Since an MRI is not invasive and is used daily in the clinical setting, it seems a very suitable method to observe stenosis of the intervebral foramina, the spinal canal diameters and changes in the intervertebral disc. In NMR tests, T1 rho is correlated with water content and inversely correlated with age and degeneration of the intervertebral disc. The mechanical function and water content of the intervertebral disc depends on the collagen and proteoglycans. Water content is related to the osmotic pressure caused by the fixed negative charge of the proteoglycans while the unique structure of the collagen fibril offers resistance to swelling. But an MRI is usually taken while the patient is lying down and the intervertebral discs are relatively unloaded. MRIs taken in standing position would be more useful [3]. Future developments in MRI will be able to provide more accurate information (15-17).



Fig.11 - Three discal hernias of various sizes causing a displacement of the spinal cord. The patient died of "lateral amyotrophic sclerosis": a condition of the spinal medulla.

The classic symptoms of general pressure on the cervical spinal cord (usually symptoms of exclusion for the chiropractor) are: paresis of the upper limbs (atrophy of the small muscles of the hands) and lower limbs, gait disturbance (tetraparesis), pathologically increased muscle-tendon reflexes, sensibilities abnormalities and sphincter disorders. When these signs of myelopathie occur and persist, it is a medical error not to carry out a neurosurgical procedure. This is for medullary complaints.(8)

In addition to an MRI scan, Doppler studies may be of interest to the chiropractor as they can detect decreased blood flow in the blood vessels. Mechanical pressure on the blood vessels (arteria vertebralis) can indeed be caused by distorted facets, calcified annuli, thickening of the ligaments or bad alignment of the vertebrae (very rarely) resulting in dizziness.

Also usefull in the examination is bone scintigraphy aiming at clarifying articular or bone or other pathologies.


Movement palpation
The manual examination with the fingertips of the mobility of the intervertebral motor segments is central and fundamental for the Chiropractor.
To detect a subluxation, one must first estimate the mobility of the motion segment. This is done by comparison with the adjacent segments. Each individual segment has its own degree of "stiffness". The comparison with neighboring segments is therefore usually very suitable as a yardstick.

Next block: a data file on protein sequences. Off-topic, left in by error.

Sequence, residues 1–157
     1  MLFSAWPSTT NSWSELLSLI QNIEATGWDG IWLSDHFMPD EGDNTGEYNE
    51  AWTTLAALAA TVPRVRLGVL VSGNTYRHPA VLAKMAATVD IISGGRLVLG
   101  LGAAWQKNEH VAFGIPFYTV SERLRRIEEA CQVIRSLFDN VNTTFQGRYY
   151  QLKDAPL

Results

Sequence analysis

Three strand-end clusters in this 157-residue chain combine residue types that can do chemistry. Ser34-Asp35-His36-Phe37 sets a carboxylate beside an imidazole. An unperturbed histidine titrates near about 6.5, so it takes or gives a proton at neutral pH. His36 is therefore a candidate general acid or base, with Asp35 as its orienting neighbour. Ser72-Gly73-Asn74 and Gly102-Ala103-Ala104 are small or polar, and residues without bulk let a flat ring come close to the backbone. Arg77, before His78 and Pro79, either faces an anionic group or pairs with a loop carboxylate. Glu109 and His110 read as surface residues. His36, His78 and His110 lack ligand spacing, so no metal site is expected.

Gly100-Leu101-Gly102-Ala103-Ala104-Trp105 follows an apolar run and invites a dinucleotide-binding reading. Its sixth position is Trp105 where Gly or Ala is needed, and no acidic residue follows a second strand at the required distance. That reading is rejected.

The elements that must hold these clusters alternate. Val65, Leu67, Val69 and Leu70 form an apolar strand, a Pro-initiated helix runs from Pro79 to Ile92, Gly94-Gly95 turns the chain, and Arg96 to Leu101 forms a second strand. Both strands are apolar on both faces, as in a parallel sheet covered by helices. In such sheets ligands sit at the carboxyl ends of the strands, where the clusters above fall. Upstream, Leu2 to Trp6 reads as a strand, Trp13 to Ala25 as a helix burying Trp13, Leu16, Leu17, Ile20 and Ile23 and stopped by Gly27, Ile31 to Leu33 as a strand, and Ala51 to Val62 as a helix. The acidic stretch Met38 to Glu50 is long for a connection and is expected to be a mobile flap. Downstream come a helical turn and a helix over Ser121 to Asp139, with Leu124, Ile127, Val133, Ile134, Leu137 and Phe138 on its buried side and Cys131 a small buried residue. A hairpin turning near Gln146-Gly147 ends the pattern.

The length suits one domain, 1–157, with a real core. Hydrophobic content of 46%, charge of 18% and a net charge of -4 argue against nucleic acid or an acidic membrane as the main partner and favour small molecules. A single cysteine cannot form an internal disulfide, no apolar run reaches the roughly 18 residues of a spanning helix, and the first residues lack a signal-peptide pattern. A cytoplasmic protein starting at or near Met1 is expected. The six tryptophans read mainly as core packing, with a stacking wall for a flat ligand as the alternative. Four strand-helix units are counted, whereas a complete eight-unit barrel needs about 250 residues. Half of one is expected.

Fig.12 - Narrowing of the intervertebral canals due to osteophytes.


(1) Direct mechanical pressure on the spinal nerves
Following a general neurological examination and on the basis of tests that include a nerve stretching, one can usually confirm exactly where the nerve is compressed. Eg: Ulnar nerve stretch: by abduction of the shoulder at 100° with the elbow flexed to 130°. Radial nerve stretch: by abduction of the shoulder at 110° with the elbow fully extended with a pronated forearm. The cervical nerve root stress test : shoulder is abducted at 90° with the elbow slightly flexed and a postero-anterior pressure is applied on the humeral head with retroversion of the arm to 30° (35) The cervical test may also be enhanced by lifting the head in ante-flexion (Lhermitte's sign: Whereby the spinalcord and the nerves are being streched over their entire lenght and by canaal stenosis produce electic discharges in the extremities.
Bending sideways, one can also notice a (local) iso-lateral mechanical restriction. This inhibition can be caused by a hernia, an edema, a varicose venule or osteophyte.
 
(2) Spasm in a muscle surrounding the articulation
produces a springy restriction of movement in a specific direction. 
Fig. 13 - We can see that the surfaces of the joints are elongated
due to asymmetrical postures or reflectory muscle spasms

(3) Fibrosis of the joint capsule and/or ligaments
One can detect such fixations (restrictions) by means of a precise palpatory examination of the mobility of the vertebral motion segment above and below C4. This inhibition does not feel springy - as would be the case with a muscle contraction - but stiff.
When bending forward (ante-flexion) one may also discover a shrunken interspinosum and supraspinous ligament (posterior ligamentary complex). This deviation is most common in lordotic women and causes a chronic compression of the small joints.
 

SUBLUXATION: TREATMENT

In the past 50 years, chiropraxy has been intenselly scientifically substantiated this next to clinical experience and taking into account the numerous placebo effects.
Experience shows that a chiropractic treatment - by stretching the joint capsules, ligaments and muscles (within the physiological norms) - may have an impact on (the collagen fibers, proteoglycans and the connective tissue of) a motion segment. Such a treatment can as such lift the subluxations. 

(1)Direct mechanical pressure on the spinal nerves
The surgical and chiropractic treatment of a nerve disorder caused by direct mechanical pressure aims  to also lift the pressure on the nerve. Chiropractically this can usually be accomplished through a short, quick, gentle swirling motion on the appropriate vertebra.